It’s not every day that an award-winning chef leaves his highly acclaimed and tenured position to strike out on his own. It’s even more rare to see said chef open something in the heart of suburbia. But that’s exactly what Kris Jakob did when he left his position at Culinary Institute LeNôtre just north of downtown Houston and his eponymous restaurant, Kris Bistro, to open Brasserie 1895 in Friendswood.
It’s something he’d been wanting to do ever since he moved to Friendswood 10 years ago. “My wife [Megan] is from Friendswood, so I was always eyeing this area, thinking ‘Heck, there really is no restaurant here to eat at,’” Jakob said in an impromptu speech during the restaurant’s official opening night Founder’s Dinner last week. “Something that was craft-style, something that was kind of unique, where someone had given real thought to the food and the ambiance. And I really wanted something like that.”
Tucked away in a strip mall across the street from Perry & Sons Market & Grille, Brasserie 1895 was a labor of love. “I did just about everything myself,” says Jakob of the attractive space that features a large dining room with deep purple banquettes in the back, booths swathed in the velvety purple fabric, an elongated bar at the entrance and an open kitchen.
Since its soft opening a few weeks ago, Jakob says he’s had a steady stream of customers, many staying late into the night to enjoy bottles of wine in the central lounge area. “We get groups of guests that are so glad they don’t have to drive into town. They really enjoy the ambiance, ordering bottles of wine, lingering until close to midnight.”
For the Founder’s Dinner, Jakob, with the help of Belgian master chef Christian Echterbille, pastry chef David Berg, his wife Megan, partner Sky Lyn Gibbons and a team of waitstaff and support staff – many whom had come out of the management program at LeNôtre – served an eclectic five-course meal that showed off the toque’s many culinary talents.
Delicious Neopolitan-style wood-fired pizzas – my favorite was made with soft-ripened robiola cheese, pesto, leeks and house Italian sausage – were served in lieu of passed hors d’oeuvres during the cocktail hour.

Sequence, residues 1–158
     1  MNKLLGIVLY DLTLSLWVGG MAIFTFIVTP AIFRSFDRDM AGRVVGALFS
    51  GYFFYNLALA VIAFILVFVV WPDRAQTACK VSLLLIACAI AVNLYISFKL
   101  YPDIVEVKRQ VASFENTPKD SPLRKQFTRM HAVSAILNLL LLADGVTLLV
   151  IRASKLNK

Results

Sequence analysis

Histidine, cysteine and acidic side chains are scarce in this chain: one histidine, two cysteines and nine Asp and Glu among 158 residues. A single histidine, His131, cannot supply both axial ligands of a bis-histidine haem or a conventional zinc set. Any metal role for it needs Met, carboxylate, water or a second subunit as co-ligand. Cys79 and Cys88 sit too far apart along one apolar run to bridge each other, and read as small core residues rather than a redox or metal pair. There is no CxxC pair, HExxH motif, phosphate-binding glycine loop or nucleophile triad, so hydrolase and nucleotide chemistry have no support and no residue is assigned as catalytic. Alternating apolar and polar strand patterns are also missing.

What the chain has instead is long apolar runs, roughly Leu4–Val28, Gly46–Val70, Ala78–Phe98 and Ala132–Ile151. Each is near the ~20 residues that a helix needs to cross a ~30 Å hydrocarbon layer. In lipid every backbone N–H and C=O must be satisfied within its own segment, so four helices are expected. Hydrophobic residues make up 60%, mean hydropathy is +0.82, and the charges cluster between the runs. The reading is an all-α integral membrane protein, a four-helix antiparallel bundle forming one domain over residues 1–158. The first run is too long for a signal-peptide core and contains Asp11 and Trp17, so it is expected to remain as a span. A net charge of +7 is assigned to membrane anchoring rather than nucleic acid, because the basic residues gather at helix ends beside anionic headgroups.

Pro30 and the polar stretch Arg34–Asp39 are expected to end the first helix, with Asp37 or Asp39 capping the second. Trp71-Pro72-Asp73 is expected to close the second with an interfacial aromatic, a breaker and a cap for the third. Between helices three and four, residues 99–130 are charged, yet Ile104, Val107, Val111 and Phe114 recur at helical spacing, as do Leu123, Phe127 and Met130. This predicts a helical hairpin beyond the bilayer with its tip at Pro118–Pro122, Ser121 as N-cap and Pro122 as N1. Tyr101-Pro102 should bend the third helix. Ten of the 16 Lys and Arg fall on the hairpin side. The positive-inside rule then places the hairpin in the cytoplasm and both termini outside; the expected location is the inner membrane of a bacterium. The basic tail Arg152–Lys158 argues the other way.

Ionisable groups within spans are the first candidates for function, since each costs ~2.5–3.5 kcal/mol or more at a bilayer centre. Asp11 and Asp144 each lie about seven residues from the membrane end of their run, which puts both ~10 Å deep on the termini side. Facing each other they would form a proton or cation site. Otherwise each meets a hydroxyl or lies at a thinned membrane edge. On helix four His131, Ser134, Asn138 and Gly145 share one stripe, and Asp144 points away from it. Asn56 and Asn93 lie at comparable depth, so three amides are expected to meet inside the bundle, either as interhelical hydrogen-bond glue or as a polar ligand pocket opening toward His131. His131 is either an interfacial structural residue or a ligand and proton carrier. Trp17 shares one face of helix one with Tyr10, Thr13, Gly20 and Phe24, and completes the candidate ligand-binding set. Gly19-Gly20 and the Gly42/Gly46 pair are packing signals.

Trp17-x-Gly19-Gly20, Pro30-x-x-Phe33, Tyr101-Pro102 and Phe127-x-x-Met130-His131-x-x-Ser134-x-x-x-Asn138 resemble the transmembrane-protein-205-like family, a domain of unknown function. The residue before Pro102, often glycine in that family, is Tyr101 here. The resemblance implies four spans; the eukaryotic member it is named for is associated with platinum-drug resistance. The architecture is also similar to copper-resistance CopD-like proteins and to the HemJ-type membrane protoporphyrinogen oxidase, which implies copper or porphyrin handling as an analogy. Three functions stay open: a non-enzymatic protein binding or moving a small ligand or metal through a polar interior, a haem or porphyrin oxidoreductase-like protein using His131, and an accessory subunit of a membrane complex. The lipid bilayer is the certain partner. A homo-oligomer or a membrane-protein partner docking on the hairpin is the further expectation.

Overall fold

Piping hot fresh-baked bread straight from the pizza oven — made daily by Jakob himself and a regular feature at the restaurant — was served with creamy butter before the first salad course of frisee au lardons (frisee with crunchy bacon cubes) with truffled egg.
To follow: an Italian-style, perfectly cooked grilled octopus gnochetti (photo above); a creamy summer corn bisque with pretty cornbread madeleines, succotash and lavender butter; a tamarind sous-vide Spring Creek prime strip with garlicky chimichurri and a summer vegetable napoleon (photo below); and Parisian-style choux à la creme (cream puff) adorned with local fruit.
Asked if the courses were representative of his opening menu, Jakob smiled and said, “Not really, but they may end up on the menu eventually.”
So what can you expect on the menu? It’s not your typical Friendswood fare, that’s for sure. Though classical French technique is at the core of the style of food you will get, you’ll find dishes with international flair. In fact, the current menu includes not only French, but Asian, Mexican, Spanish, Indian, Italian and some Southern thrown in for good measure.
For lunch, he’s got Asian-esque buttermilk chicken with Szechuan pepper gravy, braised mustard greens, candied pecan; Mexican vuelve a la vida, a seafood cocktail of poached Gulf shrimp and grilled octopus in spicy tomato cocktail sauce; Hawaiian-style tuna poke; house-made lasagna; and choices of quiche Lorraine or ratatouille, as well as salads, pizzas and sandwiches.
For dinner, the steak and fresh catch — delivered daily by area fishermen — have been popular, to be sure. But then so have the nachos topped with Mexican cochinita pibil (slow-cooked pork), the duck confit gumbo, the chicken-fried steak and the Indian sleeper hit known as rogan josh, a sort of lamb stew with pureed lentils served with naan bread.
From the restaurant’s website: “Brasserie” is a French word for an unpretentious neighborhood restaurant or tavern that serves drinks, especially beer and simple food. “1895” is in honor of the year that Friendswood was founded. Another meaning for Brasserie 1895? Friendswood’s hottest new restaurant.
Brasserie 1895, 607 S. Friendswood Dr. #11, Friendswood, 832-385-2278, brasserie1895.com
Hours: Mon., Tues., Thurs. and Fri. 11 am to 3 pm, 5:30 to 10 pm, Sat.-Sun. 5:30 pm to 10 pm